All these contribute to health worker 'burn out' and may result variously in increased sickness, absence, early retirement, general stress and unhappiness at work. Health workers may feel sad, helpless, angry and tired. It is important for them to be able to talk to others about how they feel and to seek help when they need it.

Other steps need to be taken to reduce the pressure on health workers at national, district and primary or local levels.

At a national level, these steps could include:

· encouraging support for people with AIDS groups, with care and support as the main focus, and encouraging better integration of care and support activities with prevention activities

· developing clear policies and guidelines for diagnosis, treatment and care of children with HIV and AIDS

· promoting information dissemination, education and awareness-raising about HIV and AIDS in children

· continuing support for effective management of childhood illness

· emphasising prevention of infection in women by promoting safer sex, ensuring blood safety and avoiding unnecessary blood transfusions, and supporting effective STD control

· promoting children's rights and services for children, and models of care that encourage social integration and address discrimination

· implementing policies to ensure protection of children against sexual abuse and exploitation

· identifying interventions and therapies that work, and promoting them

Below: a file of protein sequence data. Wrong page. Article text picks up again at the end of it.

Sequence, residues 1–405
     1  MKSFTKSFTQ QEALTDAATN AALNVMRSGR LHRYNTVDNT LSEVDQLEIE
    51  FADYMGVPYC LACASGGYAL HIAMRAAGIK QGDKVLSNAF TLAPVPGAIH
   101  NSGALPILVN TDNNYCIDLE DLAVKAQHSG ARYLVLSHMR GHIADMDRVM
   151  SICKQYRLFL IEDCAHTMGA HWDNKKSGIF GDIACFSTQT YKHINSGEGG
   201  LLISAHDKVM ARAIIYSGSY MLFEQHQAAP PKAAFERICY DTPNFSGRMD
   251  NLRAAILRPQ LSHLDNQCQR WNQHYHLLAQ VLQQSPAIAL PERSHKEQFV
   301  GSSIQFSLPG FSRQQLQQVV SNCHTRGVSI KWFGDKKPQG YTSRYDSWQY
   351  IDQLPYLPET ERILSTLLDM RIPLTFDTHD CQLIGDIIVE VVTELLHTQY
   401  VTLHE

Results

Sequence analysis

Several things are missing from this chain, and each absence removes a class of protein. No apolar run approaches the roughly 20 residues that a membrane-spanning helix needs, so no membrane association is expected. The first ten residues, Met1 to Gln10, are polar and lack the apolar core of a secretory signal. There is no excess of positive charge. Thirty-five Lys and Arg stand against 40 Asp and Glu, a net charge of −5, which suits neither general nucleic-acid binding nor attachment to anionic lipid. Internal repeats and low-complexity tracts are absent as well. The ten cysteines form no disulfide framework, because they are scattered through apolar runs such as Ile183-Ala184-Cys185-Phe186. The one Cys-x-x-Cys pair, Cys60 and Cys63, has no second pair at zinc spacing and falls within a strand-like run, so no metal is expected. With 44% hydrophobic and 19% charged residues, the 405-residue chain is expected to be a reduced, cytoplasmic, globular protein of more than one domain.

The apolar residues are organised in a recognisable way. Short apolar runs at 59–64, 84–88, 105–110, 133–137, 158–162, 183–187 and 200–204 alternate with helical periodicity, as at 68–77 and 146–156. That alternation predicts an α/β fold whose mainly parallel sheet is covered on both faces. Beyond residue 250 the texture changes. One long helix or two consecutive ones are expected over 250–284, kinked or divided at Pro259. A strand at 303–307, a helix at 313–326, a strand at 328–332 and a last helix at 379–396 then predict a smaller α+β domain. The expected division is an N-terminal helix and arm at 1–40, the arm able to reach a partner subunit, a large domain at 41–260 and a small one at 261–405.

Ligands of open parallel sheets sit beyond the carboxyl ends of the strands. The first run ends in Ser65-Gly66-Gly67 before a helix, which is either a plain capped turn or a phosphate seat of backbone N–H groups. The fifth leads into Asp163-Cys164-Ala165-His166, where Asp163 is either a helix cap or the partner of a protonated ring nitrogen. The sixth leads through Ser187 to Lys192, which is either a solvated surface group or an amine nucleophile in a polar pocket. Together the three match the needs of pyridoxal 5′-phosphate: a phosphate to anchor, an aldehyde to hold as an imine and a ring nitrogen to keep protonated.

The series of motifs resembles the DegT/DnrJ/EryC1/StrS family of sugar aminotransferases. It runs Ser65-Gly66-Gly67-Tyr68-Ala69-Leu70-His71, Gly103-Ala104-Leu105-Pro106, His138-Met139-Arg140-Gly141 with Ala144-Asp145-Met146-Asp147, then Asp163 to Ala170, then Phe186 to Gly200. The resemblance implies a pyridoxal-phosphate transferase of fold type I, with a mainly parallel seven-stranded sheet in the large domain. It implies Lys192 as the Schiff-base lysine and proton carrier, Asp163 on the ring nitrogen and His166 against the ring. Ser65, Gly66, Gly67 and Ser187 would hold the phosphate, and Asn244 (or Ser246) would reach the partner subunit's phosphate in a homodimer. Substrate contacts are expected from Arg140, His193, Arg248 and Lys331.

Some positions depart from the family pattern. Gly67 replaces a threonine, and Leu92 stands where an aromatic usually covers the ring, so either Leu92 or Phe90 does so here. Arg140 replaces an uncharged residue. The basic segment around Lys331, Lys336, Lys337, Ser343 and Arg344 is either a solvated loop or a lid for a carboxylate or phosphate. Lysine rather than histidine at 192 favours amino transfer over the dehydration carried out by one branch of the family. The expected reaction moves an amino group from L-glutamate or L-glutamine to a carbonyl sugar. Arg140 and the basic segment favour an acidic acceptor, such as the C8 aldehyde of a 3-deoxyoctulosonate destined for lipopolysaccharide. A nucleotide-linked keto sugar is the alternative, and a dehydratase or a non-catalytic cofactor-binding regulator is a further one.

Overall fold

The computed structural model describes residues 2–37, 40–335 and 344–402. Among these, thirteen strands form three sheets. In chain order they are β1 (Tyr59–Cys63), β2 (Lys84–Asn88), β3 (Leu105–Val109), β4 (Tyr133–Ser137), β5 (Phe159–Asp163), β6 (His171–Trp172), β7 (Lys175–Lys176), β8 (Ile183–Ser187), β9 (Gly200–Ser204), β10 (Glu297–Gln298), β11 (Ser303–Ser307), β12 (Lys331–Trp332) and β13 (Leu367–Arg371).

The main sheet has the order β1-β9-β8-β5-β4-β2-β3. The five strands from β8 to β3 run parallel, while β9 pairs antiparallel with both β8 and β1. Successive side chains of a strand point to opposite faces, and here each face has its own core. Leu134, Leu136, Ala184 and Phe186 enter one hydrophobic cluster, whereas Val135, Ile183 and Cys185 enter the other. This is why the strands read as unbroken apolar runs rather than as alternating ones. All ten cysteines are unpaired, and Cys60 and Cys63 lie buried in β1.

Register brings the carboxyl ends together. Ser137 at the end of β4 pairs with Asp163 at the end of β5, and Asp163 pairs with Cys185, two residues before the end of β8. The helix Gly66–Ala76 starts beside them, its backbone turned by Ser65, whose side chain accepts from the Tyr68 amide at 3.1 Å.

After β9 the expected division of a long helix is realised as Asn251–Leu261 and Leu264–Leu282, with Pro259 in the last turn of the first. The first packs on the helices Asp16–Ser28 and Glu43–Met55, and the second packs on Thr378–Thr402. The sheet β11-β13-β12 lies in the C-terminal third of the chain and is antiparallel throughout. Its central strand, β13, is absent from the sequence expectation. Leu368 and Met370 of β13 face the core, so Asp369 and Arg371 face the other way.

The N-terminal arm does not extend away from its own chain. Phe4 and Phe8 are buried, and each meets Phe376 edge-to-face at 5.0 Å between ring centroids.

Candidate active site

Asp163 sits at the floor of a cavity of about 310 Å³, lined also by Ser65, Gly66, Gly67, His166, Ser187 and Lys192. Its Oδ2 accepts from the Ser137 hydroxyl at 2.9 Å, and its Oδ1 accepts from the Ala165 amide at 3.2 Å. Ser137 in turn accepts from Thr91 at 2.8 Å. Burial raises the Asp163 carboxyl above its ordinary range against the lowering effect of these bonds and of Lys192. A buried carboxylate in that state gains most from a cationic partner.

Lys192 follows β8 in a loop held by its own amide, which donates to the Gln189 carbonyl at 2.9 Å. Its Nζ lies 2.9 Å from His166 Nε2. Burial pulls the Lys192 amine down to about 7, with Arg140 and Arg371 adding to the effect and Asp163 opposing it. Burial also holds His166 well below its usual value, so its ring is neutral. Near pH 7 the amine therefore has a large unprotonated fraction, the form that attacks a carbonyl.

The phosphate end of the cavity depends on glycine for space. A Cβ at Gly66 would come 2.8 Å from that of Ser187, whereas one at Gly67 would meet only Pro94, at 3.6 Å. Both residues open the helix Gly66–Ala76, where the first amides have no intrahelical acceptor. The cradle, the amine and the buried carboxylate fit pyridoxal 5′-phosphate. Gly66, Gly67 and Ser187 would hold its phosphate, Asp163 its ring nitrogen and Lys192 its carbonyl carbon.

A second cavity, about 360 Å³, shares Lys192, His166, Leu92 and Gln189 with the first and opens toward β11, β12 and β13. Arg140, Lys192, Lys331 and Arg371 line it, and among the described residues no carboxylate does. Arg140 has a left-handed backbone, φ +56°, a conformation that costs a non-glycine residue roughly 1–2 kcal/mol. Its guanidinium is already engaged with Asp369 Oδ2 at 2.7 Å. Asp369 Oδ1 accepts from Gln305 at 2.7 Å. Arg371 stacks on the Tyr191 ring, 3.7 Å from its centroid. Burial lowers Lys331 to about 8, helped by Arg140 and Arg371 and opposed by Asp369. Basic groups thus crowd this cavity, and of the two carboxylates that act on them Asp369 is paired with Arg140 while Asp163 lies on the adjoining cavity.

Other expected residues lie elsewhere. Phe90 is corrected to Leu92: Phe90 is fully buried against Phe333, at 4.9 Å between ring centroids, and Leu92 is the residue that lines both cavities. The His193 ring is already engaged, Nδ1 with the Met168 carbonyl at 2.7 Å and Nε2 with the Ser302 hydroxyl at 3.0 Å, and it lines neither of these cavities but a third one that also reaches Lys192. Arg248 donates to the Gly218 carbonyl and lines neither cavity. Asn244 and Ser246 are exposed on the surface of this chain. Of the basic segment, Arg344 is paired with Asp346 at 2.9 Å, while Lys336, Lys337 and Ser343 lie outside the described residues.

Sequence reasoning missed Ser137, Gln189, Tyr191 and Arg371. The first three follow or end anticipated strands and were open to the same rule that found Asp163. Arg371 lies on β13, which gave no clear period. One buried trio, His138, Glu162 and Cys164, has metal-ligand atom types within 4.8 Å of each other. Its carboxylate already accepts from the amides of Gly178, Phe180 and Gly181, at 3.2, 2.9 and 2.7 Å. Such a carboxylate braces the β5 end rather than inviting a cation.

· aiming for better discussion and knowledge of risks of infection at work and implementation of workable safety guidelines.

Careful handling of needles and other sharp instruments can reduce the risk of HIV transmission to health workers.

Heldur Netocny/Panos Pictures

At district level:

· supporting community groups and home-based care programmes

· providing training and ongoing support for health workers

· establishing links with sectors outside the health service

· adapting guidelines to the local situation and making them available to health workers

· involving members of the community (including people affected by HIV/AIDS) and primary health care workers in planning activities

· allocating resources carefully and planning services, especially providing essential drugs and supplies such as gloves

· developing systems to improve the continuum of care, referral and support for families providing home care, including encouraging links between district teams and NGOs.

At primary and community level:

· developing mechanisms for staff to share new information and provide support to each other, to help them talk about their problems and feelings, and to make their work more rewarding

· providing counselling services for health workers

· forming integrated home care networks involving community members, health workers and other service providers to improve care, provide mutual support and establish realistic expectations

· creating working links with NGOs, support groups, churches, and home and community care organisations

· developing training materials on home care and encouraging information sharing between support groups, community organisations, family members and health workers.